If all significant trade barriers were unilaterally removed on foreign products, U.S. welfare — as defined by public and private consumption — would increase by approximately $3.7 billion annually. Additionally, U.S. gross domestic product would rise by $1.6 billion, according to a 2007 study by the United States International Trade Commission.

The report estimates that U.S. exports and imports both would expand by 0.6 percent. In turn, approximately 60,000 workers would move from contracting to expanding sectors, 68 percent of which would come from the textile and apparel industries, the report says.

The State of Tariff Barriers

U.S. tariffs levied on imports of foreign products originally were established to provide revenue for the federal government, predating income or property taxes. Today, however, tariffs are viewed and used differently.

In effect, tariffs increase the price of imports, discourage their demand, and insulate domestic producers, to a degree, from foreign competition. As a result, each country places higher tariffs on goods determined to be import sensitive.

How much revenue do U.S. tariffs generate? The Progressive Policy Institute, a Washington, D.C. think tank, estimates that U.S. tariffs bring in slightly more than $25 billion annually. By contrast, U.S. income tax likely will raise $1.2 trillion this year.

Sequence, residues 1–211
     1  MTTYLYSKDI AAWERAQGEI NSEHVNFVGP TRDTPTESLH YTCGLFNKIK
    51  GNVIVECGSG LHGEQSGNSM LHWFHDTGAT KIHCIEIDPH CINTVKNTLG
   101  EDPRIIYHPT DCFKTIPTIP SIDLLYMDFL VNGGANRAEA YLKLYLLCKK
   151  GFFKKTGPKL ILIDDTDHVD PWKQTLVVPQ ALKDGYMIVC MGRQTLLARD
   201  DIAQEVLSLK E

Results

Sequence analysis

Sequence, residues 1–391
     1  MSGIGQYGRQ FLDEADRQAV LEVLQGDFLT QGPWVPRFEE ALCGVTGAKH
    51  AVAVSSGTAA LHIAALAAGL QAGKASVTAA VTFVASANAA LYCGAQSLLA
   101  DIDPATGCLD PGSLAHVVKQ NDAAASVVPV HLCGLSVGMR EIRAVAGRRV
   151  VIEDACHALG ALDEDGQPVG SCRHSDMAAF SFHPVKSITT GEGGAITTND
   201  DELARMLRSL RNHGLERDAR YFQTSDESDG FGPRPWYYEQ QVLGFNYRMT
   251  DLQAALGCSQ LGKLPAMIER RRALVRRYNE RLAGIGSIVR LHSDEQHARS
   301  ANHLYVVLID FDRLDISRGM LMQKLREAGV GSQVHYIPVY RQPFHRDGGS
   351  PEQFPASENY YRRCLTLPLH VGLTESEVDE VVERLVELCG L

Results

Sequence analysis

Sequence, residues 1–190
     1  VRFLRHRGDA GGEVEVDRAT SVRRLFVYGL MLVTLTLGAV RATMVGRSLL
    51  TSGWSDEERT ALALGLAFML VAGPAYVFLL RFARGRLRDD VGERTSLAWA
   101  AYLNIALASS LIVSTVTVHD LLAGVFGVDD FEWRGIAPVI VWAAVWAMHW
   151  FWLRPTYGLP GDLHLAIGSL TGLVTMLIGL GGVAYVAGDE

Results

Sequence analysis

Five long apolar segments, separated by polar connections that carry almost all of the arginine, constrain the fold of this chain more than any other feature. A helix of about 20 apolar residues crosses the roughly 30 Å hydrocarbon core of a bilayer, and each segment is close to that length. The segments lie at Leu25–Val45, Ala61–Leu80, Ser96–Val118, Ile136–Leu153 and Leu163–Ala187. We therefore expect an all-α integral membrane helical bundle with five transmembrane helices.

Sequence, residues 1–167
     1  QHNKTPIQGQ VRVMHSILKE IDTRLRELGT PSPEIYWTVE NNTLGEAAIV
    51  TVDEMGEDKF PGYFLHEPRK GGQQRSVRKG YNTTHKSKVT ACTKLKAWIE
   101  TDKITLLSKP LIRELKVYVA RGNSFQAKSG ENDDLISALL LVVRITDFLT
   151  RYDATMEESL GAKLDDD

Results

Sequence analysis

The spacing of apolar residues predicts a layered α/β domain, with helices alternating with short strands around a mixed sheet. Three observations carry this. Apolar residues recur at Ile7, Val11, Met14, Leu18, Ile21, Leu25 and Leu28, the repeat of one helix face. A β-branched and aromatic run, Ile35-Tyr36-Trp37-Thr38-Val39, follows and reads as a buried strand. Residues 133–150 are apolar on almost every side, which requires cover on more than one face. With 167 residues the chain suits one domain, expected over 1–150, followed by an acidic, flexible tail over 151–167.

Most of the $25 billion is derived from imports of necessities and inexpensive consumer goods, such as clothes, $9 billion; shoes, $2 billion; inexpensive household goods, $2 billion; and food, mostly cheese, butter, orange juice and canned tuna, $600 million. Combined, these basics constitute approximately 10 percent of imports but generate about 60 percent of tariff revenue, affecting poor families to a much greater extent than affluent ones.

Overall, the average U.S. tariff rate only was 1.4 percent in 2005, down from 1.6 percent in 2002. This, however, does not reflect non-tariff barriers that in some industries are considerable. According to Consumers for World Trade, a Washington, D.C. think tank, a $45 imported sweater includes a tariff and a 'quota cost' resulting from a government-imposed limit on such imports "that represent quite a large chunk of the $45 you paid for the sweater."

Developed and Developing Country Interests Differ

According to the World Bank, industrial countries are less sensitive to manufactured imports, and consequently, maintain low tariff levels on manufactured goods. However, due to their high sensitivity to agricultural imports, higher tariff levels are applied on agricultural goods. In fact, the average tariff protection on agricultural goods is nine times higher than on manufactured goods.

In The Spotlight

On average, developing countries’ applied tariffs on industrial products are three to four times as high as those of industrial countries’. But their tariff levels on agricultural products are even higher.

Various Types of Tariffs

The most common form of duty or tariff is the ad valorem: a tax assessed on merchandise value. In many countries, ad valorem taxes are applied to the value of merchandise, plus the cost of insurance and freight.